arrogate

verb

ar·​ro·​gate ˈer-ə-ˌgāt How to pronounce arrogate (audio)
ˈa-rə-
arrogated; arrogating

transitive verb

1
a
: to claim or seize without justification
b
: to make undue claims to having : assume
2
: to claim on behalf of another : ascribe
arrogation noun

Did you know?

The resemblance between arrogate and arrogant is more than coincidence: they both have the Latin verb arrogare, meaning “to appropriate to one's self,” at their root. This idea of claiming or seizing something as one’s right is immediately apparent in the English word arrogate: the word is used primarily to talk about taking or claiming a right or a privilege in a way that is not fair or legal. In arrogant the idea of appropriation is slightly veiled: by showing an offensive attitude of superiority, an arrogant person claims—that is, arrogates—more consideration than they are due.

Example Sentences

They've arrogated to themselves the power to change the rules arbitrarily. She arrogated the leadership role to herself.
Recent Examples on the Web But who, aside from the advertising executives at OkCupid, would want to arrogate to themselves this sort of authority, cataloging novel ethical codes of romance? Zoë Hu, The Atlantic, 23 Mar. 2022 Regulatory agencies cannot arrogate to themselves power to decide major questions. The Editorial Board, WSJ, 2 Mar. 2022 The Chinese Communist Party, bizarrely, arrogates to itself the right to approve his successor. The Economist, 11 Dec. 2019 The pattern is always the same: One branch arrogates to itself a power reserved to another. Sherif Girgis, National Review, 5 Dec. 2019 While Europa Clipper’s development has proceeded apace, however, the SLS rocket has remained mired in setbacks and was arrogated by the Artemis lunar program instigated by the Trump administration. Jillian Kramer, Scientific American, 20 Aug. 2019 The rapid team collapse was head-spinning news not only in Australia but also among worldwide fans of cricket, a sport that arrogates to itself a particular moral sanctimony. Damien Cave And Rick Gladstone, New York Times, 29 Mar. 2018 See More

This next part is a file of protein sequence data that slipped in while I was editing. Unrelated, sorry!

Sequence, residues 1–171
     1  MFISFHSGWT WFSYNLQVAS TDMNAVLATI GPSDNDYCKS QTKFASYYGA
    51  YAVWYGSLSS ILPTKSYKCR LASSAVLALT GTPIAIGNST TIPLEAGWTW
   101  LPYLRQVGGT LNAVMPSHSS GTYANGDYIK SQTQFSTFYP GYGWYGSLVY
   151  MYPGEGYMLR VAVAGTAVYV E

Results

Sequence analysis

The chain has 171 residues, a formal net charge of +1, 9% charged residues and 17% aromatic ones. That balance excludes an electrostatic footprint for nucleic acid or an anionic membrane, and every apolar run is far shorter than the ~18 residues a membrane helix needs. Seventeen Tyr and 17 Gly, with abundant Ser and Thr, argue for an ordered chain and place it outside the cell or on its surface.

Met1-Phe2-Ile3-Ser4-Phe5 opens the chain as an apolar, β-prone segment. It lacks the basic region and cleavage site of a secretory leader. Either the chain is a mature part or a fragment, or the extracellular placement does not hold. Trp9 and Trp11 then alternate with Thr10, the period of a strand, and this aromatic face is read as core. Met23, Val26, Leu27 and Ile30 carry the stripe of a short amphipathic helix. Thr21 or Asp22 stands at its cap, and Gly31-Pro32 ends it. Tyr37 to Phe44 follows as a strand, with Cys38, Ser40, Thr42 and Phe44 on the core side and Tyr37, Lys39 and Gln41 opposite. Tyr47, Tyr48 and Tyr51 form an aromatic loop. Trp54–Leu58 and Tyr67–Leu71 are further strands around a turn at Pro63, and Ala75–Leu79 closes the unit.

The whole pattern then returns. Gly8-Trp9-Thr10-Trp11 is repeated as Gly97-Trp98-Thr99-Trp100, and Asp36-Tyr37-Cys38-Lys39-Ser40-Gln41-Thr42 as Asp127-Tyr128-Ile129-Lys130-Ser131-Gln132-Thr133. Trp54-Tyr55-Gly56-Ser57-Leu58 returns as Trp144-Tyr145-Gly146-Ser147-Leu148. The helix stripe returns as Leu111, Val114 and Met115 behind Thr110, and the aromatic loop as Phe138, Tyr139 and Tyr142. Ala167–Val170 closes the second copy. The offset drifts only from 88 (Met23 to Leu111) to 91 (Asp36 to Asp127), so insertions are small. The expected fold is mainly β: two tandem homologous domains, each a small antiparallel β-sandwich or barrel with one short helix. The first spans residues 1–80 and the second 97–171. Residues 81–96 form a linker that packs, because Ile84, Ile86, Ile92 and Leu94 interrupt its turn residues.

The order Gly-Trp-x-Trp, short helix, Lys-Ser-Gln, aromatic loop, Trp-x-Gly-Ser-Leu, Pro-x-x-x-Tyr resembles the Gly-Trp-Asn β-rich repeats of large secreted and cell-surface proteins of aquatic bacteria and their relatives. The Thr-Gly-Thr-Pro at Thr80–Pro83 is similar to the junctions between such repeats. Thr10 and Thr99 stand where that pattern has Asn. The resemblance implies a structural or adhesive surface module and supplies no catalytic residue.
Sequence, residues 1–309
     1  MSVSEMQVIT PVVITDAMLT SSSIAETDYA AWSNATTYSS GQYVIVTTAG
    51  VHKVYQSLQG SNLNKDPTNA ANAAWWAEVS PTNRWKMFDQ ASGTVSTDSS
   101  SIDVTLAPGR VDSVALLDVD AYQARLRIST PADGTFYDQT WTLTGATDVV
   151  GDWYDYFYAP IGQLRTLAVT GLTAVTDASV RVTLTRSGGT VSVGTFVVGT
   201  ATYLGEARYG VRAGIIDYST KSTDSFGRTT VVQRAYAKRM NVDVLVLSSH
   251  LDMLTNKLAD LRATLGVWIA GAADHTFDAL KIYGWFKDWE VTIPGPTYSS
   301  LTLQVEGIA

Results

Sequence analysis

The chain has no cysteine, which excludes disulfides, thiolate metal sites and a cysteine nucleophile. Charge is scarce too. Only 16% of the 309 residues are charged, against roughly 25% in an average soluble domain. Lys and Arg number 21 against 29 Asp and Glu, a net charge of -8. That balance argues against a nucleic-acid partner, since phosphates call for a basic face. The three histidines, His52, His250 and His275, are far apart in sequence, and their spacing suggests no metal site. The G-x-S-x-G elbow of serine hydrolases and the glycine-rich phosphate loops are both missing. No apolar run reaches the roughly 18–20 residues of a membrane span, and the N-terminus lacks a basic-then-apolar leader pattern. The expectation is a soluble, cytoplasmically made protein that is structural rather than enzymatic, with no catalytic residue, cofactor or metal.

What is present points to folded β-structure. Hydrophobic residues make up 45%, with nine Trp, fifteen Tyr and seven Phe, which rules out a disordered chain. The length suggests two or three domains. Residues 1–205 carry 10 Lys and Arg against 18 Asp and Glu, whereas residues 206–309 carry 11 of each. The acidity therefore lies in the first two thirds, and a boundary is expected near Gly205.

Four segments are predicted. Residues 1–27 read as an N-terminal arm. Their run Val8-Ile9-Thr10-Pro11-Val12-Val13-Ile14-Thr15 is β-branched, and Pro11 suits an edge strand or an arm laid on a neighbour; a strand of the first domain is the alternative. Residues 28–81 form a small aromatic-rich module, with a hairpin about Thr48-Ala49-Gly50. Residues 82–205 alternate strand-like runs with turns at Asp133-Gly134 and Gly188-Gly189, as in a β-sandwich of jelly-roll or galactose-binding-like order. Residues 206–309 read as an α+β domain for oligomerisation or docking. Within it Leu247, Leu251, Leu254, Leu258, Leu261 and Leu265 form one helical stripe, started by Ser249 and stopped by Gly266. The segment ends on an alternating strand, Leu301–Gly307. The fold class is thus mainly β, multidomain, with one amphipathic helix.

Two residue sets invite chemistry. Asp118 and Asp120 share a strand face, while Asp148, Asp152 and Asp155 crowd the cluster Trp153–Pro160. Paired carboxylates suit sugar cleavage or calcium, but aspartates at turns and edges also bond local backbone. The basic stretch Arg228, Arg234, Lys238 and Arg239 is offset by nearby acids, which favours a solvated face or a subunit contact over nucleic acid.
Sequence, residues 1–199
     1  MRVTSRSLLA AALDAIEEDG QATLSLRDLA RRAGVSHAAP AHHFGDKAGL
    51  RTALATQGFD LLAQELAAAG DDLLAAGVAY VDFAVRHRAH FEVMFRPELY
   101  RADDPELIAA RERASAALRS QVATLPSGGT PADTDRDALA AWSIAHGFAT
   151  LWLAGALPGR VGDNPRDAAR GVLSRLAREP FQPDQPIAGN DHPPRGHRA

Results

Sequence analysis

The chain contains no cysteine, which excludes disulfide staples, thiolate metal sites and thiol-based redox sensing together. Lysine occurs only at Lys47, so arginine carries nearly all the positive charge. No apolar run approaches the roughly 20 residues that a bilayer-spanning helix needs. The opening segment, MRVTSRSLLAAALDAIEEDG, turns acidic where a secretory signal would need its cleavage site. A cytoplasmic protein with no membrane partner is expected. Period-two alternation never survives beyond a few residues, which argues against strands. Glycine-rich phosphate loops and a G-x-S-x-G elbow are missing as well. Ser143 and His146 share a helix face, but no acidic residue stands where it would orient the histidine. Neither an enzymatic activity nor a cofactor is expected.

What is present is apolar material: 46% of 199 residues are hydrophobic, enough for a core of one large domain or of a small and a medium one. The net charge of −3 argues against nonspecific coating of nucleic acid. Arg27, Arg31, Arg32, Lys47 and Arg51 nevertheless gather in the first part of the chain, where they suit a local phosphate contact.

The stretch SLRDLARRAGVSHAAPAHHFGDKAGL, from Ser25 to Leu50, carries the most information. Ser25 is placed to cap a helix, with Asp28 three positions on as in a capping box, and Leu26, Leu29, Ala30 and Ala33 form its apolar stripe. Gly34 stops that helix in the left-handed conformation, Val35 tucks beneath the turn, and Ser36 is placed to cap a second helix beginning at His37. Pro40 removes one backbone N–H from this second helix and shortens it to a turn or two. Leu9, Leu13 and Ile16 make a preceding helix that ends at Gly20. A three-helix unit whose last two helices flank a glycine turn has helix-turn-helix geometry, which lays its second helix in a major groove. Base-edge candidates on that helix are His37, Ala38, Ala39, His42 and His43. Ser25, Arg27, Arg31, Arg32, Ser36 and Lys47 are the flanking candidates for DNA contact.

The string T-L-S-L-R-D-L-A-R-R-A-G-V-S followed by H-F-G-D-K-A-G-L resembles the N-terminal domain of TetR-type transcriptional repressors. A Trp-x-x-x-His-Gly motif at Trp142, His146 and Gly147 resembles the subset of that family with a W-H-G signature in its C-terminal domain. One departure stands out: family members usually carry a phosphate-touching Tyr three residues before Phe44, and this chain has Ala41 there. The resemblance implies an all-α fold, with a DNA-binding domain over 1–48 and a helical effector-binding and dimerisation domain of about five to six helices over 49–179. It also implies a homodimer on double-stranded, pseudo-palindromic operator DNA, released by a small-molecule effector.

These example sentences are selected automatically from various online news sources to reflect current usage of the word 'arrogate.' Views expressed in the examples do not represent the opinion of Merriam-Webster or its editors. Send us feedback.

Word History

Etymology

borrowed from Latin arrogātus, past participle of arrogāre "to appoint along with (another magistrate), lay claim to, claim to possess, make undue claims, be conceited," from ar-, assimilated form of ad- ad- + rogāre "to ask, request" — more at rogation

First Known Use

1537, in the meaning defined at sense 1a

Time Traveler
The first known use of arrogate was in 1537

Podcast

Dictionary Entries Near arrogate

Cite this Entry

“Arrogate.” Merriam-Webster.com Dictionary, Merriam-Webster, https://www.merriam-webster.com/dictionary/arrogate. Accessed 9 Dec. 2022.

Kids Definition

arrogate

verb
ar·​ro·​gate ˈar-ə-ˌgāt How to pronounce arrogate (audio)
arrogated; arrogating
1
: to take or claim for one's own without right
2
: to attribute to another especially without good reason
arrogation noun

More from Merriam-Webster on arrogate

Love words? Need even more definitions?

Subscribe to America's largest dictionary and get thousands more definitions and advanced search—ad free!


Challenging Words You Should Know

  • hedgehog reading a book
  • Often used to describe “the march of time,” what does inexorable mean?
Spell It

Hear a word and type it out. How many can you get right?

TAKE THE QUIZ
Universal Daily Crossword

A daily challenge for crossword fanatics.

TAKE THE QUIZ